LONDON (Reuters) – Jupiter Asset Management (JUP.L) has named Andrew Formica as its new chief executive, after veteran investor Maarten Slendebroek said he would resign the role on March 1.
The management revamp follows a turbulent period for the British fund manager, which has seen its shares slide by more than 40 percent in the past 12 months as volatile markets prompted skittish investors to withdraw billions of pounds in assets.
In a statement on Tuesday, Jupiter said its board had identified Formica as a potential successor to Slendebroek as part of its long-running corporate leadership planning.
In light of his current availability, the board decided to accelerate plans to appoint Australian-born Formica, with Slendebroek’s support.
Slendebroek has agreed to remain at the British fund manager until May 1 to ensure a smooth leadership transition and handover, with 77 percent of its funds outperforming median returns in the year to end-2018 and shares up 11 percent so far in 2019.
Formica is also expected to continue with Slendebroek’s active, globally-minded growth strategy. Jupiter has attracted 5.5 billion pounds ($7.08 billion) of new money from non-UK investors in the last six years, while Slendebroek was head of the firm’s distribution and strategy from 2012 to 2014, and in the last four years when he was CEO.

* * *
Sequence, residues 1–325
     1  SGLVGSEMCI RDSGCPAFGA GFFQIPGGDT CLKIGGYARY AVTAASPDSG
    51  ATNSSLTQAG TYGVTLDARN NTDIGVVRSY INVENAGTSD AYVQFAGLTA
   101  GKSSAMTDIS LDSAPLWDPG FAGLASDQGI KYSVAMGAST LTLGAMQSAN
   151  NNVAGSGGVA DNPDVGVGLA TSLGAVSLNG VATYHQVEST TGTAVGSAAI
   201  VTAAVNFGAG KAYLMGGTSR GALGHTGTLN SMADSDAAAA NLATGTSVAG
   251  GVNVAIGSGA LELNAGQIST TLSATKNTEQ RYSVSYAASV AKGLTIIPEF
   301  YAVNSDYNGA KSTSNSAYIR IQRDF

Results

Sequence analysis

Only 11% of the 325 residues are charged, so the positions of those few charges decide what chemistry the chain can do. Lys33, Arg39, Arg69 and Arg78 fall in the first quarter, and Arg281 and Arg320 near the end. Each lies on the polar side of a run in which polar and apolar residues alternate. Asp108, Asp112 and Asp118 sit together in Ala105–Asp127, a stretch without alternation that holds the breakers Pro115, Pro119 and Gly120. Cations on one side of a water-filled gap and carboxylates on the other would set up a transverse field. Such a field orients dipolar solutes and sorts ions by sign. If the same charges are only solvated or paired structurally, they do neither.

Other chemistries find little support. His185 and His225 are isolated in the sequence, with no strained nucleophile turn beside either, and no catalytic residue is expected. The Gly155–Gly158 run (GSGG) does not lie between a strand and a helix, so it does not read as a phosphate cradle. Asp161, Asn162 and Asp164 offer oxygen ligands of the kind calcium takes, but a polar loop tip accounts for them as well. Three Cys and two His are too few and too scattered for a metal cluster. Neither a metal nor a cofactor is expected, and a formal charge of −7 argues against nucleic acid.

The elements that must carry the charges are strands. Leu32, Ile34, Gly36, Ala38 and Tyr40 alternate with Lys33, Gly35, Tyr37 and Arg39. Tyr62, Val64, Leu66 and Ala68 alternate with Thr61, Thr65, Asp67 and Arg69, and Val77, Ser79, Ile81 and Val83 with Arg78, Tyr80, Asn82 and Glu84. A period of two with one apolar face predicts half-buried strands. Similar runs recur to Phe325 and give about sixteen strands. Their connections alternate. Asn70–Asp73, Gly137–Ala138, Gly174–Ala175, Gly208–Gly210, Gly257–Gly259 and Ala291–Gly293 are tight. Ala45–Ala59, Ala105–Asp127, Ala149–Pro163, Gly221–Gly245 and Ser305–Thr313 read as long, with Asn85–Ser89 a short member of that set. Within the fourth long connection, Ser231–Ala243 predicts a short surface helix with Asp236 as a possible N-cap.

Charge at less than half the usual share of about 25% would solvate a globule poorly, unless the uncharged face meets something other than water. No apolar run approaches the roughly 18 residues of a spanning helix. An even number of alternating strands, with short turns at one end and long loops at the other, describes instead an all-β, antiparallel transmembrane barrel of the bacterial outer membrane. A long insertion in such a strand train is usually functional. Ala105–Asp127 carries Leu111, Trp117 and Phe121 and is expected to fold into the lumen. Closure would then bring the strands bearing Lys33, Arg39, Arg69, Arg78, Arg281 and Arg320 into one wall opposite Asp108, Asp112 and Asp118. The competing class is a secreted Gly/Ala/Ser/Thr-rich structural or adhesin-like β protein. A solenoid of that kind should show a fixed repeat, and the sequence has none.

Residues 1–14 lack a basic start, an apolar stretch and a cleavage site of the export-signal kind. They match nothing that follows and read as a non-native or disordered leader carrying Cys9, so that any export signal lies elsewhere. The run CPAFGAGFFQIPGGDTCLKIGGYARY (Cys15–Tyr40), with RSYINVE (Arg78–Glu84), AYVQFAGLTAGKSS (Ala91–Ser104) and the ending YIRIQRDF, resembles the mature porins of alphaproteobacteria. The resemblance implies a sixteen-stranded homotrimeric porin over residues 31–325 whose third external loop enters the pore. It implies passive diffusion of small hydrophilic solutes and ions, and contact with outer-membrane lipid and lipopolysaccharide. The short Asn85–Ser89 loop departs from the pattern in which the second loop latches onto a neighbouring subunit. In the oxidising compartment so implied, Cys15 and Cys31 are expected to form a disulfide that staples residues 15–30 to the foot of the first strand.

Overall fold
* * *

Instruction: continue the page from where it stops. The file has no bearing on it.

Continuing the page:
Formica was previously chief executive of Henderson Group and later co-chief executive of Janus Henderson Group after its merger with Janus Capital in 2017, but left the firm last year.
He is known for an acquisitive, hands-on management approach and speculation about Jupiter’s fate as an independent, publicly listed company is likely to continue under his watch, industry sources said.
Formica will earn an annual salary of 425,000 pounds a year, with annual bonus opportunity up to a maximum of 425 percent of salary and a long-term incentive plan opportunity up to a maximum of 375 percent of salary, Jupiter said.
Slendebroek has been awarded a 1 million pound bonus for 2018 and will be subject to a six-month period of garden leave. He will be paid according to contract until November 1.
Earlier this month, Jupiter posted 1.5 billion pounds of net outflows in the last three months of 2018, and blamed downbeat markets for most of a 5 billion-pound fall in assets under management to 42.7 billion pounds.
Reporting By Sinead Cruise, editing by Rachel Armstrong and Lawrence White